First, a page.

First-person adventure Ether One aims to explore a difficult subject – dementia – through storytelling and puzzles. The debut game from indie team White Paper Games is out now, and I’ve had a play. And a struggle. You can read my thoughts below.
RPS Feature Thanks For The Memories
Oh, those sneaky monkeys. First-person adventure Ether One hasn’t quite launched on its journey to the centre of a dementia damaged mind, but they’ve released a launch trailer anyway. That’s a good week before the game is out. I’ll allow this: they’ve just added the review version to my Steam account, so it’s technically out there, and I am the most important person in the world. It also helps that the brief play I had of the game very encouraging. View the trailer with with working eyes below.
If you’ve forgotten – perhaps because some malevolent soul infiltrated your mind and mixed up all the wiring – Ether One is an extremely promising-looking first-person adventure about spelunking dreamy brain caves in hopes of unraveling a giant techno-countryside mystery. It looks gorgeous, and its thin film of cyberpunk static sizzles with intrigue. Think Myst meets To The Moon, and you’re basically there. It’s finally coming out next month! Announcement trailer below.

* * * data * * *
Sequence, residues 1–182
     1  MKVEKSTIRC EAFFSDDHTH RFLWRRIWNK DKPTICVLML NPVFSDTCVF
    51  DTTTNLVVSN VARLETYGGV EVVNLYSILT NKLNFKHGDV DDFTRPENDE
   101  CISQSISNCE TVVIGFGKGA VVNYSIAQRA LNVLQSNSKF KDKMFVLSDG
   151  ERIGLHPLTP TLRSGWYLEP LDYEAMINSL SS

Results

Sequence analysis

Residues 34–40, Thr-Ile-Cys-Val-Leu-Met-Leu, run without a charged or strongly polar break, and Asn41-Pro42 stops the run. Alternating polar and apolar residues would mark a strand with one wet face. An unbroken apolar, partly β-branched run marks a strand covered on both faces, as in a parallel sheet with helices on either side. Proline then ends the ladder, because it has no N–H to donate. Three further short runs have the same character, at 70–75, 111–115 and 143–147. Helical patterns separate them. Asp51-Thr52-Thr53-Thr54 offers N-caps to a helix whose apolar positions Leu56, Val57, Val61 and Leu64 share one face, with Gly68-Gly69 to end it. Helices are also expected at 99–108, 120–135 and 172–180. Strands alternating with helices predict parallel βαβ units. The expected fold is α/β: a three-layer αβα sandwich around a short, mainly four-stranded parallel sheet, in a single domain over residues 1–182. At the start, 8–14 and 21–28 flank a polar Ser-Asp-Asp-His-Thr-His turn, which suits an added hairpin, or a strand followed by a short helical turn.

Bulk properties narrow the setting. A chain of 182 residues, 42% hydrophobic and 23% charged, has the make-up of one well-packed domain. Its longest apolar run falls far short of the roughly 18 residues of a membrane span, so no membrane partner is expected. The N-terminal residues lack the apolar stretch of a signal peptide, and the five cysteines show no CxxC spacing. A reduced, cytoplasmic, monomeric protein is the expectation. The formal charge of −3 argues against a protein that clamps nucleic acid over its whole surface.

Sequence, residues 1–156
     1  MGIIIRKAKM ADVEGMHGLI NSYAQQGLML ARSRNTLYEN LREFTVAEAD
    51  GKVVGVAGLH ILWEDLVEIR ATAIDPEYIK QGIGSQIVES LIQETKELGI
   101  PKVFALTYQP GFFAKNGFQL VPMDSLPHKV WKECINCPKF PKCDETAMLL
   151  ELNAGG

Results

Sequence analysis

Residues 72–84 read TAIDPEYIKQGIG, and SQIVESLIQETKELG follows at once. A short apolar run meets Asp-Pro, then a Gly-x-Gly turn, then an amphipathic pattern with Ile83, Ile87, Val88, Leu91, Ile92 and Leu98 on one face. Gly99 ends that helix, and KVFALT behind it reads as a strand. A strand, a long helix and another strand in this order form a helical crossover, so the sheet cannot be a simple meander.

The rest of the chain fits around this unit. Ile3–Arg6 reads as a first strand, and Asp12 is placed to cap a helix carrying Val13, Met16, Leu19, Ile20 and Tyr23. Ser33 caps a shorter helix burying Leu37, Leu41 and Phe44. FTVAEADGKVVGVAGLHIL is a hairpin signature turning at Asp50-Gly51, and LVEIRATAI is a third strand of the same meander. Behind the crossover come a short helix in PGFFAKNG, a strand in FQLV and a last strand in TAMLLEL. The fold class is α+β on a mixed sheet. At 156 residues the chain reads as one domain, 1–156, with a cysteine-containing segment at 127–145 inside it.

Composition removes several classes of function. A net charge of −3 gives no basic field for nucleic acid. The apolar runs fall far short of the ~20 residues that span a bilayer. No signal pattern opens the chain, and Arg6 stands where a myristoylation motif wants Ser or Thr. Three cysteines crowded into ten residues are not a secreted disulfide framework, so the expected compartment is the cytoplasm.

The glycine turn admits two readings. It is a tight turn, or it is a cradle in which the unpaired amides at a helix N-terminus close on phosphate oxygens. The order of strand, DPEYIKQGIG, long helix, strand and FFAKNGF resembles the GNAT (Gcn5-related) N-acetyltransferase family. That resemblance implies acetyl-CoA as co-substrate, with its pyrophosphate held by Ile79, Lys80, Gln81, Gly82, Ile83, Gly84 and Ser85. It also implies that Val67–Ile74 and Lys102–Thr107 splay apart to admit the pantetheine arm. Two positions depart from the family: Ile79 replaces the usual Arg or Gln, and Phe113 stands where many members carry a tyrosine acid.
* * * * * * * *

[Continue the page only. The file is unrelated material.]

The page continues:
I’ve been intrigued by Ether One since time immemorial. However, if someone were to leap in my head, run around its ominously dark docks that might be some kind of metaphor, and eventually put together all the pieces, they’d find that it’s been a few months. And also that I have a really bad memory. The latest trailer for the brain-bending, reality-warping first-person puzzler continues its frantic wander down memory lane, but now there are mysterious outside forces involved. While our intrepid hero (?) gets lost in someone else’s thoughts, cold, dispassionate voices argue cryptically. Meanwhile, female lead and, er, game world Jean only gets in a couple quick words of her own: “Help me.” Also, a billion different things flash on screen and nothing makes sense ever. Everrrrrrr. But in a good way.
RPS Feature Mind Games
I quite like leaping into people’s heads and spelunking the deepest reaches of their brain caves. And in the game. Or games, rather, seeing as Psychonauts and To The Moon are two of my absolute favorites. So when Ether emerged from the woodwork promising mind-opening mind-exploration with a more personal, intimate focus, I sloppily salivated in the most attractive of fashions. And then I asked its creators a bunch of questions, as is my way. Head past the break to see White Paper co-founders Benjamin Hill and Pete Bottomley discuss Ether’s puzzles, why you can beat the game without solving a single one, whether or not storytelling in games is “mature” yet, and why it’s important to take risks that triple-A developers and publishers won’t.